During the past week, I have sent emails to both Mechelle, Crystal Morrison’s sister, and Heather, Devin Bond’s mother. I, of course, offered my condolences from myself and my assistants. But I am also hoping to learn a little bit more about the entire investigation and what the police have said about the finding of the remains.
This is not because I am nebby. What I’m hoping to do is to use this additional information to help in analyzing other disappearances Unfound has covered. My belief is Crystal’s death was a result of the illness she had that day—possibly an asthma attack. But I don’t know that for sure. For the record, at the time we covered her case, I believed she either suffered an overdose or was murdered.
With Devin’s, I think at this point the public believes he committed suicide. But once again, I don’t know that for a fact. It may not be true at all. And I would certainly like to know more as to what brought about the search that found him in the first place. Because my belief was that area had already been scoured once before with no luck.
If I get this additional information, I will share it with you if I am permitted to do so.
Things are happening in this investigation. I told you months ago that remains were found on the Fort Hall Reservation where Austin disappeared. Yet, to my knowledge, they have still not yet been identified, although the popular opinion is that they are Austin. I have spoken to his mother and she has passed along information that I still can’t tell all of you. But what Susan has told me leads me to believe that we should know something more sooner than later.
OPINIONS ON CASES
It seems more and more I am getting emails from you the listeners about my opinions on cases—both ones Unfound has covered and ones it hasn’t. I think the reason this is happening is because more and more people are finding Unfound for the first time, and they’re probably startled to hear that the host—me–doesn’t voice his theories on what happened. As you all probably know, that is fairly rare in the true crime world.
So, given that, I’d like to explain again why I don’t voice my thoughts during the episode.
The main reason is I don’t want to influence any of you. I’ve been doing Unfound long enough to know that privately, when I express my opinions on cases, it’s kind of strange how suddenly the person I’m talking to changes his or hers to fit my own. I think this happens because the person thinks there is something I know that the public doesn’t. So . . . the person thinks I am in a better position to make an accurate guess than he or she is. And the person wants to be “right” too. So their position changes.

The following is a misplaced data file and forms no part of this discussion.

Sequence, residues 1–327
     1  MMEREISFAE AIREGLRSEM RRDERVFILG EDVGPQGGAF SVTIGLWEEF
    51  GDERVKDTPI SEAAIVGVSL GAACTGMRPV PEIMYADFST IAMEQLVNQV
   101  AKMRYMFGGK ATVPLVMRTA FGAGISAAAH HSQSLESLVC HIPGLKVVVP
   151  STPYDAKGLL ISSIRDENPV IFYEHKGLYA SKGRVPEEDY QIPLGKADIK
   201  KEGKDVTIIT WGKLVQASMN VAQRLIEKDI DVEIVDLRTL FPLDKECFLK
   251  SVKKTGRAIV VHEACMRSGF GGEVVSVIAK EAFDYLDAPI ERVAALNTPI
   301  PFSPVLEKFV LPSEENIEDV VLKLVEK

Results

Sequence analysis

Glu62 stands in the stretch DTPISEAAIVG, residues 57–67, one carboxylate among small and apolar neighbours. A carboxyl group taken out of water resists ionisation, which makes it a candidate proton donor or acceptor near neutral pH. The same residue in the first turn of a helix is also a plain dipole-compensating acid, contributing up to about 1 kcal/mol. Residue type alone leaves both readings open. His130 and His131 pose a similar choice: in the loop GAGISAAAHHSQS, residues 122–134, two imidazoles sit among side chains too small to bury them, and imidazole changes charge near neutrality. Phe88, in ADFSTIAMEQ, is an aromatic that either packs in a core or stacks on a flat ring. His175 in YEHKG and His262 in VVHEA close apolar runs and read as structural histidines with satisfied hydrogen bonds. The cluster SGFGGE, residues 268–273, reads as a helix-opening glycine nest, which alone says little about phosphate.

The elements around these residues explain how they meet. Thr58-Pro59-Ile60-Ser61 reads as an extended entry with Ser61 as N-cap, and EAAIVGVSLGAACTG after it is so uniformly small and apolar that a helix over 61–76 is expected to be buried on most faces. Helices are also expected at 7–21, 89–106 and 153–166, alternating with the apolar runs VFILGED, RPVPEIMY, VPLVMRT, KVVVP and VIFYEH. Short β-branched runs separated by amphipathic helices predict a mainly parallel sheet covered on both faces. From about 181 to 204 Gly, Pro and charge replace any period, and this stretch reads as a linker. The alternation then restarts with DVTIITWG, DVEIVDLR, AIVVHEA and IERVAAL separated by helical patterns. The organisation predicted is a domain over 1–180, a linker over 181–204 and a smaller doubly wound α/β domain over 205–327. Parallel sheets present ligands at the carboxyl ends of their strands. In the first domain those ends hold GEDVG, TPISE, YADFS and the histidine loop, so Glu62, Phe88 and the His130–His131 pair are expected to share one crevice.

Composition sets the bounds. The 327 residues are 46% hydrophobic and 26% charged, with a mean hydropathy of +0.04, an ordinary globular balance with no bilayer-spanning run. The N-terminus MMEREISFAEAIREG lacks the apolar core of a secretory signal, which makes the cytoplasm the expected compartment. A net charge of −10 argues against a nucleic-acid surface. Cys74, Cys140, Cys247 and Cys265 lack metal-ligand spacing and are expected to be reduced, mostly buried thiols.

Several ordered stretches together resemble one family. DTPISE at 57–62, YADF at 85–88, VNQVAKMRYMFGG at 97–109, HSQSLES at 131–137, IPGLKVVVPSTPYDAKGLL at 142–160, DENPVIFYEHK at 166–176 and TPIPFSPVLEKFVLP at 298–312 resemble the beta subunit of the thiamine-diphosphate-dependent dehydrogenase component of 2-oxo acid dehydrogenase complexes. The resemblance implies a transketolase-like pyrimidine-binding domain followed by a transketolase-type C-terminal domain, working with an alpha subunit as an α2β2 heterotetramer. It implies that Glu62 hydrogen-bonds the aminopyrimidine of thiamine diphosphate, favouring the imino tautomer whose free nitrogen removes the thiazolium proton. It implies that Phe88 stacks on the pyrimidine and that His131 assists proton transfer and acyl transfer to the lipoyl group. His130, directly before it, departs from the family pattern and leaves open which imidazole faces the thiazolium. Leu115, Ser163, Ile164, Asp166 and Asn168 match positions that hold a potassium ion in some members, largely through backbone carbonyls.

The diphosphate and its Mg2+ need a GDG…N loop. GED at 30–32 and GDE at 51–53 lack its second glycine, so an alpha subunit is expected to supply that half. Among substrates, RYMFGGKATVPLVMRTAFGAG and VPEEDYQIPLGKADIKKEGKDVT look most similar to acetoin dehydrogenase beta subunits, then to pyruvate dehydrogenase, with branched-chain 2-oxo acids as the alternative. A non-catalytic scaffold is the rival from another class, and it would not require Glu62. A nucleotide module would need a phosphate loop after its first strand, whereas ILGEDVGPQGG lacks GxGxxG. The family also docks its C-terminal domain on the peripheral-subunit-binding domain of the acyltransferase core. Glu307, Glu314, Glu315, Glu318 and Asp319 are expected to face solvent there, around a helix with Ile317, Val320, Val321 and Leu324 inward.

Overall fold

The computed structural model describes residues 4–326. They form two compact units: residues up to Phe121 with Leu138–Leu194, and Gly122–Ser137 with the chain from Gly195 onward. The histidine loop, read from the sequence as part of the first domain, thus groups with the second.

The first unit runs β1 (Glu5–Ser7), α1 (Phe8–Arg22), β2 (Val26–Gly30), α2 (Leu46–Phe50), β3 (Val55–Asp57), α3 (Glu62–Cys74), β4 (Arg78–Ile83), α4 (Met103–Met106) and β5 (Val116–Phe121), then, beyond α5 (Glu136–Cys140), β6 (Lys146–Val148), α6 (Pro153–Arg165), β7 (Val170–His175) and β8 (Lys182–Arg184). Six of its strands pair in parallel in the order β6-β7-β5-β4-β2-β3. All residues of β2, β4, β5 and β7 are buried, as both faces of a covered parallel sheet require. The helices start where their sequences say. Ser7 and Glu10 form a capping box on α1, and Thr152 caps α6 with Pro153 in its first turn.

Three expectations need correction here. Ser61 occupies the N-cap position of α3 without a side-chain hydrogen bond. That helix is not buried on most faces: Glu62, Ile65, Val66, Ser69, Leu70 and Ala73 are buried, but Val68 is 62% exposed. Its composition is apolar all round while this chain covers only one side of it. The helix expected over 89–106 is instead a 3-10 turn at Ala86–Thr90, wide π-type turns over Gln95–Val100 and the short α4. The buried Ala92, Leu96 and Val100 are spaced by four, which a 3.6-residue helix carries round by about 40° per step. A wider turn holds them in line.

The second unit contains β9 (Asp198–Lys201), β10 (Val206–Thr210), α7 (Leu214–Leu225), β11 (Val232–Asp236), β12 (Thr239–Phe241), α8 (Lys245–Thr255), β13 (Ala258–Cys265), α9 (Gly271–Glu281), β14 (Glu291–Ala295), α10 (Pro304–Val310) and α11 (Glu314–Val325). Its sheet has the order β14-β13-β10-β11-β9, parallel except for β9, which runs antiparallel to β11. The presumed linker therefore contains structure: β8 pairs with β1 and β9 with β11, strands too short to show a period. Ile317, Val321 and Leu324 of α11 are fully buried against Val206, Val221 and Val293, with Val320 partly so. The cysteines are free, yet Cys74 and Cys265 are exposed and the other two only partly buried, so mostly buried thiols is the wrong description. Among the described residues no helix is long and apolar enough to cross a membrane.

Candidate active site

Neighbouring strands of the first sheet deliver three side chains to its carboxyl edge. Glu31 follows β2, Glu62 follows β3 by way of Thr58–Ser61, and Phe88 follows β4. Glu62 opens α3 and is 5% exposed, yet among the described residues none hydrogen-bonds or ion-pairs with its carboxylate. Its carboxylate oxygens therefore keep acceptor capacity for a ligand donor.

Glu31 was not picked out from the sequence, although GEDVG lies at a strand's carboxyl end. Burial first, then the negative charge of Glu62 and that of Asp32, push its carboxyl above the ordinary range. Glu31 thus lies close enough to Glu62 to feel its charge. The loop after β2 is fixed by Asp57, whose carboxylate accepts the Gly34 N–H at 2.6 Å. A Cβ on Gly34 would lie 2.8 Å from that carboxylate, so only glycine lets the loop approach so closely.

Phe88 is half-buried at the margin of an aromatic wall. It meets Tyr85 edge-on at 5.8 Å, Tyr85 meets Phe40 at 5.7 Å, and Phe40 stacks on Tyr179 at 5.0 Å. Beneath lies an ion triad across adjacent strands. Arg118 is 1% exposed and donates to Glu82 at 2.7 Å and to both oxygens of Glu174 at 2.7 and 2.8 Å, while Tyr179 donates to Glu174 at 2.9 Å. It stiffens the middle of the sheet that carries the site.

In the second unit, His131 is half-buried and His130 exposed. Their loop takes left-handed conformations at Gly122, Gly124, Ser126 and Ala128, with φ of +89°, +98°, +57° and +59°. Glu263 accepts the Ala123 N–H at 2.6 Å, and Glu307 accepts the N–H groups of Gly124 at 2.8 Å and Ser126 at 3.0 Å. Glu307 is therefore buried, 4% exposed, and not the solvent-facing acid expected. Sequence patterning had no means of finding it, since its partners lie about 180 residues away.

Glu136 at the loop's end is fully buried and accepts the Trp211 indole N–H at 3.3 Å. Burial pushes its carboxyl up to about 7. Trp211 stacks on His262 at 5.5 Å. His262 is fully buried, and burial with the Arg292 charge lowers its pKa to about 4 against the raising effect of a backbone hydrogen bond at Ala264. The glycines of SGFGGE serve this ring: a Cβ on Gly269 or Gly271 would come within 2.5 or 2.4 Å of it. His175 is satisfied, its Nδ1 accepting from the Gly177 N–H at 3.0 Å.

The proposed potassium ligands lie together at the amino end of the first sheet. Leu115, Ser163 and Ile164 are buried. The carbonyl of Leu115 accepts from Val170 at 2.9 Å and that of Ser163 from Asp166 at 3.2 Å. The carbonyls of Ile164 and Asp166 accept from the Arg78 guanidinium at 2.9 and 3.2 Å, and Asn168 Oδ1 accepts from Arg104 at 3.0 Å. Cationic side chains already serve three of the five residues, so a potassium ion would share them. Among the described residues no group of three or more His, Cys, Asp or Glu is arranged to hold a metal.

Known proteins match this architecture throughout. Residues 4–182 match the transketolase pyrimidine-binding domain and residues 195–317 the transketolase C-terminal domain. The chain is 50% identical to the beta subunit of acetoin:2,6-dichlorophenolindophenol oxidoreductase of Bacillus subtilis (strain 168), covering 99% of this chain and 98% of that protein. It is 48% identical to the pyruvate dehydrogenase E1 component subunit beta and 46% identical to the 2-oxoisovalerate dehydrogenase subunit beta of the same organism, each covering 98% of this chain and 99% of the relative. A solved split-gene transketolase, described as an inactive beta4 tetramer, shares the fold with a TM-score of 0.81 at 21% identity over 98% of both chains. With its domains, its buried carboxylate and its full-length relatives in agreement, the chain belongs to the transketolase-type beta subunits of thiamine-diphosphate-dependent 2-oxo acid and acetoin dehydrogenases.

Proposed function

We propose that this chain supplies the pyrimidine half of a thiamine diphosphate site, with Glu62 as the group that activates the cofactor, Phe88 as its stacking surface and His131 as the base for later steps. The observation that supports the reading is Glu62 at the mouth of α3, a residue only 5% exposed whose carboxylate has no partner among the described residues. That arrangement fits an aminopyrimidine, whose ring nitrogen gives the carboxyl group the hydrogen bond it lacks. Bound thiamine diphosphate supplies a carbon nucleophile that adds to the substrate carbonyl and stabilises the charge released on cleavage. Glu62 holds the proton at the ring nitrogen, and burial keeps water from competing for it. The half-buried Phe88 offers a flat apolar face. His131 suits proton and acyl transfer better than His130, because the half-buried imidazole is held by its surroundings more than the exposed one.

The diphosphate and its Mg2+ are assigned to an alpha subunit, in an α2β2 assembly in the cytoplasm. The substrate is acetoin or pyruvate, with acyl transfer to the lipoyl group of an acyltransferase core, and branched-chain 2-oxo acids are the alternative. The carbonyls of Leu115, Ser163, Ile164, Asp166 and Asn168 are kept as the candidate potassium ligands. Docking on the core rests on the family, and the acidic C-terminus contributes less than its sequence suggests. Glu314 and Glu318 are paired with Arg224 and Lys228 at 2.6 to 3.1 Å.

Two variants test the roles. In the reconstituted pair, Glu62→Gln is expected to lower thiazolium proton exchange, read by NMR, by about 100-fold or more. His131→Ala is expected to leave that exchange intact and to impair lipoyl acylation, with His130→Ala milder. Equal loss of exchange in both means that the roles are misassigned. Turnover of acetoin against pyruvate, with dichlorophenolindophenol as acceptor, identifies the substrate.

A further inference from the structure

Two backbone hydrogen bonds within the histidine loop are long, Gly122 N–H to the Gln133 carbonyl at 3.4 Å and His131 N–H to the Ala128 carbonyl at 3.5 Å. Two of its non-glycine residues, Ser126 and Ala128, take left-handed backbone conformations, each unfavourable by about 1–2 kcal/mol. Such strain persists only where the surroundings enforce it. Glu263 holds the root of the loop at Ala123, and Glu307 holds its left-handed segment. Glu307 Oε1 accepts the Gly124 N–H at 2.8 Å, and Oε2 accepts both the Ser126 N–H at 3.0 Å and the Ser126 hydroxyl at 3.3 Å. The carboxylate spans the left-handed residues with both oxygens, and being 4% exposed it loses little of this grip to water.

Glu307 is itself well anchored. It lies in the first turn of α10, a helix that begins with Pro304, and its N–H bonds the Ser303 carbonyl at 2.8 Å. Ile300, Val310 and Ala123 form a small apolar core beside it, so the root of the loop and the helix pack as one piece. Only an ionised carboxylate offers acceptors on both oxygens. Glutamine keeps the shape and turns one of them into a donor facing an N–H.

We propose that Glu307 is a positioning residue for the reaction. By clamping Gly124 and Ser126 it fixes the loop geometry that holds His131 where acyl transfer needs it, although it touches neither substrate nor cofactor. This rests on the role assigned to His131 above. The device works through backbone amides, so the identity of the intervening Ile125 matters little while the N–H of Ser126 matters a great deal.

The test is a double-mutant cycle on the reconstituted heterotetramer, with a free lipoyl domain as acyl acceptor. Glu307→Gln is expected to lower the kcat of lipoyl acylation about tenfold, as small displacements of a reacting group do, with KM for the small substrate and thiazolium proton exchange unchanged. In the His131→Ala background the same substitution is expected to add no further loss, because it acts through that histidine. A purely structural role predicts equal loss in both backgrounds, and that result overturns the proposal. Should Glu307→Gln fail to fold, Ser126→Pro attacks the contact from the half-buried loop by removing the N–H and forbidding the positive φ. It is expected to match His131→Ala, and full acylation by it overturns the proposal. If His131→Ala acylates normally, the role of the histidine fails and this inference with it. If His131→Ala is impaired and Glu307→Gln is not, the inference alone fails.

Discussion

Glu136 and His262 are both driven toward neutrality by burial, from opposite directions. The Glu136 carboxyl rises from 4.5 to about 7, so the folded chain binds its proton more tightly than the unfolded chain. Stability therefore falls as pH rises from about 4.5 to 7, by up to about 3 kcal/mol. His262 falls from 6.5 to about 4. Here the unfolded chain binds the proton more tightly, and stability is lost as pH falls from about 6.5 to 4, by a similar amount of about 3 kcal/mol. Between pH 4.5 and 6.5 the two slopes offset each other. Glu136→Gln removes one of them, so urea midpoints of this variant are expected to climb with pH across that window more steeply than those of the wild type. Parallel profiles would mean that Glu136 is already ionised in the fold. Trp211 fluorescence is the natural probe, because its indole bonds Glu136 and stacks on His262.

Well, you’ll just have to trust me: 99.5% of the information I know about a case is covered in the interviews I do. Yes, once in a while we leave out some names. Yes, once in a while we are afraid of getting sued so we don’t mention a business or some information that is PROBABLY factual but can’t be proven. Yes, of course, those things happen.
But really, on every episode, the information covered in every disappearance is just about all there is to know. And from that, all of you are more than capable of coming to your own educated and intelligent conclusions. More importantly, I don’t mind that you disagree with me. In fact, I LOVE having the back and forths I have, in the Think Tank for example. Through discussion and questioning and challenging, theories can be come even more solid. While other theories may fall apart. But it’s the free and open discussions about these cases from which new avenues of inquiry will come. I believe that 100%.
Now, the next part of this is I do write my opinions in a place that is fairly cheap to access: Patreon. For $2/month, for those of you who really want to know how my mind works regarding the theorizing on the disappearances Unfound covers, you can be a member and instantly you’ll have access to about 130 blogs I’ve written since Sept. 2017. The average length of each? 3000 words. That is A LOT of reading.
Furthermore, if you then want to talk to me about any of those cases, you’ll go in at least knowing what I’ve already written. And if there are things that are still unclear to you, we can hash them out.
Of course, a question I get is: Ed, why do you make people pay to hear your opinions on the cases? Good question. The reason is when I started Unfound I never intended to EVER voice my theories . . . ever. True story. Why? Because as I stated above, I’m not here to influence people’s ideas.
Well, what happened, and I’m guessing this was inevitable, was more and more listeners wanted to know my thoughts. They wanted to know how my mind works in trying to figure out what happened. And it got to the point where I think some of them thought I was being rude for NOT telling them.